Both teams followed the same protocol of dividing participants into two groups.
The first group was given the same instructions as the participants in Guilford’s experiment.
Speakers, trainers, training program developers, organizational consultants, and university professors all had much to say about the vast benefits of outside-the-box thinking.It was an appealing and apparently convincing message.Would you like to guess the percentage of the participants in the second group who solved the puzzle correctly?Most people assume that 60 percent to 90 percent of the group given the clue would solve the puzzle easily. What’s more, in statistical terms, this 5 percent improvement over the subjects of Guilford’s original study is insignificant.In other words, the difference could easily be due to what statisticians call sampling error.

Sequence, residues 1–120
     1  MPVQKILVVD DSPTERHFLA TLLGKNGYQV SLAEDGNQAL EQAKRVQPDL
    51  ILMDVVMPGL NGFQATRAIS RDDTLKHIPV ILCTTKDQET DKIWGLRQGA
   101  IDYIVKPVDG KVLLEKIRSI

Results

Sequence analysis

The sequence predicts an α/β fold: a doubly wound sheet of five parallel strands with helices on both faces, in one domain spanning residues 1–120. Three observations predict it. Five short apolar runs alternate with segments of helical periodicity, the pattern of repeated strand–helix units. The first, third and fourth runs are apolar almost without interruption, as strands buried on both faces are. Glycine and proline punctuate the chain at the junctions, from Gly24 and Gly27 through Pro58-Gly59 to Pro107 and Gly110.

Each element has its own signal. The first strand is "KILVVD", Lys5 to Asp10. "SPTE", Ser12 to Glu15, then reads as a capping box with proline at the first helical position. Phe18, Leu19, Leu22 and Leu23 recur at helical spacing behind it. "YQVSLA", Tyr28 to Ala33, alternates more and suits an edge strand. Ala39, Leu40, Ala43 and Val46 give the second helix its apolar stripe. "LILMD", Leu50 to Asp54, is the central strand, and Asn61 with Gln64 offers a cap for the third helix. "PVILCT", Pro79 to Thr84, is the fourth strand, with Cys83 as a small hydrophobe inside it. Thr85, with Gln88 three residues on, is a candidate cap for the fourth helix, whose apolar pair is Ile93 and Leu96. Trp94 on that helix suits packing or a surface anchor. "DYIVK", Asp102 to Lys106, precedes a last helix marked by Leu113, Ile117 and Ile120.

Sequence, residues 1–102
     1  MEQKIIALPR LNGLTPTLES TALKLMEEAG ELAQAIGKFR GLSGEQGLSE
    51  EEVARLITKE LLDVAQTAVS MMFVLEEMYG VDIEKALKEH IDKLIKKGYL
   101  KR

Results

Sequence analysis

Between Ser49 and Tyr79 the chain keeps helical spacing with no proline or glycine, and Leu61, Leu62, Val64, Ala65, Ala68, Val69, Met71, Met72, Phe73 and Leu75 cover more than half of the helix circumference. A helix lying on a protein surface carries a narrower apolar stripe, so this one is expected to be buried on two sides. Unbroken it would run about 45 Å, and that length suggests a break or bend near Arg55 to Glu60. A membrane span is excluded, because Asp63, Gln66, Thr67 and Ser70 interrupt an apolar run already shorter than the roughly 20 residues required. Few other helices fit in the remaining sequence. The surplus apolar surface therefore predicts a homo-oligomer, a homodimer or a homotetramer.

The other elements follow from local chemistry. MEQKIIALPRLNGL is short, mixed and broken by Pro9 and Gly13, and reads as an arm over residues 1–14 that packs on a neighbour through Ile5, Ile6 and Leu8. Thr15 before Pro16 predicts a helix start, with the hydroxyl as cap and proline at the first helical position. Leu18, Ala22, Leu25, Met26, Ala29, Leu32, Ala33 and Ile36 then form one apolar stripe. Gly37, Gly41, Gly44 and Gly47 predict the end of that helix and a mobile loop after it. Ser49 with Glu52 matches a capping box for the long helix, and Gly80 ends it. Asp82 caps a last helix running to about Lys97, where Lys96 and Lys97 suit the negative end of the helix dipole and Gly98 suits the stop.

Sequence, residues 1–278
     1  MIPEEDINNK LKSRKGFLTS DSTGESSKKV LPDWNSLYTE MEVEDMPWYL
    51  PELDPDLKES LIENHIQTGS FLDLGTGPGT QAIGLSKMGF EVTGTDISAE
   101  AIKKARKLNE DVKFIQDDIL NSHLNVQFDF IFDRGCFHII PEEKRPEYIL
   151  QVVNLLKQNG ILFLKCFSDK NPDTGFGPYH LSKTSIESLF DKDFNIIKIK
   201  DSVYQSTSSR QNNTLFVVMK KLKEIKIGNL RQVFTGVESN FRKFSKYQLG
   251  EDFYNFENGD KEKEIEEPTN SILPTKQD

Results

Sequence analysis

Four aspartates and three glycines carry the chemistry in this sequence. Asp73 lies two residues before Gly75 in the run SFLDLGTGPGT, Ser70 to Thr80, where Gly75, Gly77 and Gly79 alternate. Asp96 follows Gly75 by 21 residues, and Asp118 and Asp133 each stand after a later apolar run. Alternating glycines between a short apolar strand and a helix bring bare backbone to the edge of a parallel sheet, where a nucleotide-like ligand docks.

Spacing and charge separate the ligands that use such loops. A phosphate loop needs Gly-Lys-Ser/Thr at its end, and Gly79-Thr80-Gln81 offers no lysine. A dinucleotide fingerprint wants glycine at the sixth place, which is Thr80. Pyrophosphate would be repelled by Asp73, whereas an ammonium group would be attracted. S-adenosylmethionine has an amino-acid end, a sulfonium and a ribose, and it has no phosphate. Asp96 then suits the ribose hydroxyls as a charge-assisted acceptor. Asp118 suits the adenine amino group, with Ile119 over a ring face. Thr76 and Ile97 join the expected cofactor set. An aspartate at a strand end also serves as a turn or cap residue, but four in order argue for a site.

Let’s look a little more closely at these surprising results.Solving this problem requires people to literally think outside the box.Yet participants’ performance was not improved even when they were given specific instructions to do so.The second group was told that the solution required the lines to be drawn outside the imaginary box bordering the dot array.In other words, the “trick” was revealed in advance.Because they hadn’t, they were obviously not as creative or smart as they had previously thought, and needed to call in creative experts. The nine-dot puzzle and the phrase “thinking outside the box” became metaphors for creativity and spread like wildfire in marketing, management, psychology, the creative arts, engineering, and personal improvement circles.